- Nvidia is rapidly evolving into a major force in deep learning and virtual reality.
- Meanwhile, AMD lacks a proper deep learning footprint.
- Does Nvidia's early lead in deep learning threaten AMD's ongoing recovery?
Investors have traditionally recognized NVIDIA (NSDQ:NVDA) as the market leader in GPUs, ahead of rivals AMD (NSDQ:AMD) and a host of other smaller players. But the new-look Nvidia is much more than just a graphic cards manufacturer. Nvidia is quickly establishing itself as the new market leader in emerging fields such as artificial intelligence/deep learning as well as virtual reality.
And AMD is now at risk of being left behind.
A revamped Nvidia
If investors need fresh evidence that deep learning has become a big part of the new-look Nvidia, they don't have to look any further than the company's Q2 2016 earnings report. Nvidia reported revenue of $1.43B, up 9% sequentially and 24.3% Y/Y, managing to beat the consensus on Wall Street by about $80M. Meanwhile adjusted EPS of $0.53 was a 56% improvement compared to a year ago and 16 cents better than average Wall Street estimates.
Nvidia then guided for third-quarter revenue of $1.68B ±2%, much higher than Wall Street consensus of $1.45B. That revenue implies growth of 29% Y/Y at the midpoint, much faster than the single-digit growth the company has been posting over the past few years.
Heavily contributing to the healthy earnings beat was the sale of Tesla server accelerator cards as well as GRID GPUs for virtual desktops and cloud gaming, with sales rising an eye-popping 110% Y/Y. Nvidia said that demand for deep learning projects by tech titans including Microsoft (NSDQ:MSFT), Facebook (NSDQ:FB), and Baidu (NSDQ:BIDU) remains strong.
Morgan Stanley's analyst Mitch Steves notes:
"We think the NVIDIA story has materially changed to a structural long driven by 1) deep learning, 2) automotive and 3) virtual reality growth. While expectations were originally slated for ~8-12% revenue growth, we think 20-30% is now on the table combined with margin tailwinds from improving yield on production. Data Center out-performance was the primary driver to a thesis changing moment (potential for q/q growth through CY16) given our previous stance for a single leg of growth (Virtual Reality). Finally, the Automotive segment continues to act as a call option on the stock if the Drive PX platform sees robust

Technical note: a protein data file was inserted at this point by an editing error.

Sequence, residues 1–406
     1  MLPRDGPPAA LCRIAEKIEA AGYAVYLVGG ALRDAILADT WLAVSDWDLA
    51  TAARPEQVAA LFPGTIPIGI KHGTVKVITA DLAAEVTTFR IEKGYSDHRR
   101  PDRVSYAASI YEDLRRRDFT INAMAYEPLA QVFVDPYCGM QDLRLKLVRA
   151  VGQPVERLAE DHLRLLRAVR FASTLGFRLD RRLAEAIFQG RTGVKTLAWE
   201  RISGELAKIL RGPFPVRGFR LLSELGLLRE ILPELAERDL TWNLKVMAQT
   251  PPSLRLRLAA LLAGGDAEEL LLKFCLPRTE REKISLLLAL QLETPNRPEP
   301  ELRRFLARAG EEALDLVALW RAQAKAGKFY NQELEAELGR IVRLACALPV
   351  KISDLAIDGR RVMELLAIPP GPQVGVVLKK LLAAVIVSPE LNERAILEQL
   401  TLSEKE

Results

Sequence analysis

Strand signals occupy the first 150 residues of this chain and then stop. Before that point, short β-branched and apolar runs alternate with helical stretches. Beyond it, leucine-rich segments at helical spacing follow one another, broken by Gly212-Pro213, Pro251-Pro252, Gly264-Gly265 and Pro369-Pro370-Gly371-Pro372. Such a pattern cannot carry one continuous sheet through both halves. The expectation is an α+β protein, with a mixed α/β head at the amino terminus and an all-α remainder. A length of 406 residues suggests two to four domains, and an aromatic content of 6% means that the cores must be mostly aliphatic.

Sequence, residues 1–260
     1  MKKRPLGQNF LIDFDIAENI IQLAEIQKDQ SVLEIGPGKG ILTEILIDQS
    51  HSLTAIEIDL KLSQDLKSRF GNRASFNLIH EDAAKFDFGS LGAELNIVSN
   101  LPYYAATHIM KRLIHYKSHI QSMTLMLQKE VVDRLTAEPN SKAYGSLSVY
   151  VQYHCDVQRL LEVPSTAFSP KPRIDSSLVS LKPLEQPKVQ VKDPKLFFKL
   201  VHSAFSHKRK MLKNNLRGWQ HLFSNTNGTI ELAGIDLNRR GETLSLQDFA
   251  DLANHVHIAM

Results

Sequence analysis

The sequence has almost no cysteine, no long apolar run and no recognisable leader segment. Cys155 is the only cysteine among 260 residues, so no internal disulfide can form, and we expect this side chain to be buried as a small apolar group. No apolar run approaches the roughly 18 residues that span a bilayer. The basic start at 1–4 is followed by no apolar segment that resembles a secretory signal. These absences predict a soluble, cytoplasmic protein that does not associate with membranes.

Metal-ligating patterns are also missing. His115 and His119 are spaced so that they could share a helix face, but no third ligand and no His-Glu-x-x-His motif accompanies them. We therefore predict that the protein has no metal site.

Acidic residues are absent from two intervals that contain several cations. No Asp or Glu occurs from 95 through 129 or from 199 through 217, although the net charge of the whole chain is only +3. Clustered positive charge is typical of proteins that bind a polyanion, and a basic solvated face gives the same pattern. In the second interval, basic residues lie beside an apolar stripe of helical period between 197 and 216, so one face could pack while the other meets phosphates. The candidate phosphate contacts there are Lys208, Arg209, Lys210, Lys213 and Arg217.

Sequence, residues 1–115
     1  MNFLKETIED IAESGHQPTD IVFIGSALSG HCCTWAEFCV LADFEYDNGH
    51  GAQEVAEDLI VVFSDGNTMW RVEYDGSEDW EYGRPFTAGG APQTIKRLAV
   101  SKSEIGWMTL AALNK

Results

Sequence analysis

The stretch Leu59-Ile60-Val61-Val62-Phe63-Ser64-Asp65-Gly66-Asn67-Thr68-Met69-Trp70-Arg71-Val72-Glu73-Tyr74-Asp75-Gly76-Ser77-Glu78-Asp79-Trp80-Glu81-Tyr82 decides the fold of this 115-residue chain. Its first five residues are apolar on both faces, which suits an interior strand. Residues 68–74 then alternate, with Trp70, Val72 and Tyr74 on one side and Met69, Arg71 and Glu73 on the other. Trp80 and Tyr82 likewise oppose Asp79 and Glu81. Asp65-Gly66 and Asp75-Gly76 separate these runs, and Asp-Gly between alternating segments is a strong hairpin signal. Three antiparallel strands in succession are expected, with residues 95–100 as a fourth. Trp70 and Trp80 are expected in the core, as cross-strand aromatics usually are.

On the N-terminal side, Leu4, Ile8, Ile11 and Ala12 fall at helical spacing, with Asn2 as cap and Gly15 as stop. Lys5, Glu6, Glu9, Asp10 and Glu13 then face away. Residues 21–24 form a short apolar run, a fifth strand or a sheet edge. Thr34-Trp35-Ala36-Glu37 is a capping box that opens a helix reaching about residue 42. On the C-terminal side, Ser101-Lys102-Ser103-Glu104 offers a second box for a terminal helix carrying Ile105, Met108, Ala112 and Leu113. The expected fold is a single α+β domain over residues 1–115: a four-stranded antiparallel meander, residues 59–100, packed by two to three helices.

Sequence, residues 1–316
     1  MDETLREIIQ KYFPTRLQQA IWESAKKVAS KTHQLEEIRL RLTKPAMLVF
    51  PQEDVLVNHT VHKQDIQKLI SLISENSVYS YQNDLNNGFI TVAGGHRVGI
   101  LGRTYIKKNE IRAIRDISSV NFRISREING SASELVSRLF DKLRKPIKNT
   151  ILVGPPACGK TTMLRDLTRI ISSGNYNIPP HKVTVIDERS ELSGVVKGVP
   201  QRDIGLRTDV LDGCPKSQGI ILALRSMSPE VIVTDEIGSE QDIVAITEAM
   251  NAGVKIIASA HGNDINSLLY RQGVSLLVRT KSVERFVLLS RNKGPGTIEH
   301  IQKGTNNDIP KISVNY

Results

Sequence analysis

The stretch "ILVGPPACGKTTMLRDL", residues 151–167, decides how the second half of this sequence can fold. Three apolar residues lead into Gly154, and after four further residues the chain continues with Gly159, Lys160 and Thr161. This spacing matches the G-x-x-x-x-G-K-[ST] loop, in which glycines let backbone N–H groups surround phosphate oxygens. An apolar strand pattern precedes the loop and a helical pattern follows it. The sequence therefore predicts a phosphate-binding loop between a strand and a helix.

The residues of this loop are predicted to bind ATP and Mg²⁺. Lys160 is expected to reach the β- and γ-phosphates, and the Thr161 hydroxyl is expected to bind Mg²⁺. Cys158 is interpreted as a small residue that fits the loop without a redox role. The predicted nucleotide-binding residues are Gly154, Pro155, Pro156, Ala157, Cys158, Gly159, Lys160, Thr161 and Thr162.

growth. Net Net: we are moving to an Outperform rating and move our price target to $72."
So we are now looking at a revamped Nvidia whose new revenue streams have managed to re- ignite growth for the company. Nvidia stock is up a robust 88.9% YTD partly on the strength of the company's rapidly maturing new revenue streams and partly in sympathy with AMD's own blistering 165.5% YTD gain.
The big question on the mind of AMD investors is whether a revamped Nvidia now poses the biggest threat to AMD's own recovery.
Return to profitability the key to AMD's future growth
AMD risks being left behind in the new deep learning craze that promises to have a profound impact on how data will be utilized across diverse industries. Although AMD has played a big role in the development of OpenCL (an open framework for writing programs that execute across heterogeneous platforms such as CPUs, GPUs, FPGAs, and DSPs) it lacks a proprietary deep learning platform such as Nvidia's cuDNN. cuDNN is a CUDA-based library for deep neural learning that Nvidia launched in 2014.
And deep learning is slated to become the next big thing in AI and data center technology. Research firm has predicted that deep learning enterprise software spending will grow from just $109 M in 2015 to $10.4B in 2024.
About a week ago Intel (NSDQ:INTC) acquired deep learning startup Nervana in a $400M deal. Last year the company bought FPGA-maker Altera, and can now conceivably use FPGAs in its future deep learning projects instead of standard GPUs. A research team from the University of California recently demoed middleware that might make deep learning on FPGAs feasible. The team demonstrated that using FPGAs in deep learning yielded considerably better operational efficiency than using GPUs.
AMD's near-invisibility in deep learning, however, might be a matter of necessity rather than choice. The company has for years been posting losses due to a dramatic slowdown in the PC market as well as intense competition by Nvidia in the mid and high-end GPU market.
But this is now set to change. During the last quarter, AMD posted a remarkable earnings trifecta by:
- Returning to top line growth after years of declines
- Posting a GAAP net profit for the first time in years
- Recording the first operating profit after a long string of losses
A return to profitability and positive free cash flow is absolutely necessary if AMD is to have enough cash for R&D, or even for the acquisition of deep learning companies a la Intel. Luckily, AMD appears to be firmly on the road to recovery, and its recent launch of Zen processor has been a resounding success with Oppenheimer noting that the chip's initial performance metrics have impressed:
"in a manner we haven't seen from the company in a decade."
That, coupled with the company's strong semi-custom chip sales, could be the key to a recovery.
Although deep learning is a very promising field, it's still relatively new and it's going to be several years before it goes completely mainstream. Nvidia's early lead certainly gives it an edge over the likes of AMD and Intel. AMD stock is, however, not likely to be hurt in the near and mid-term by the company's lack of a proper deep learning footprint. AMD's recovery has probably come just in time to allow the company to beef up its R&D muscle and invest in the field.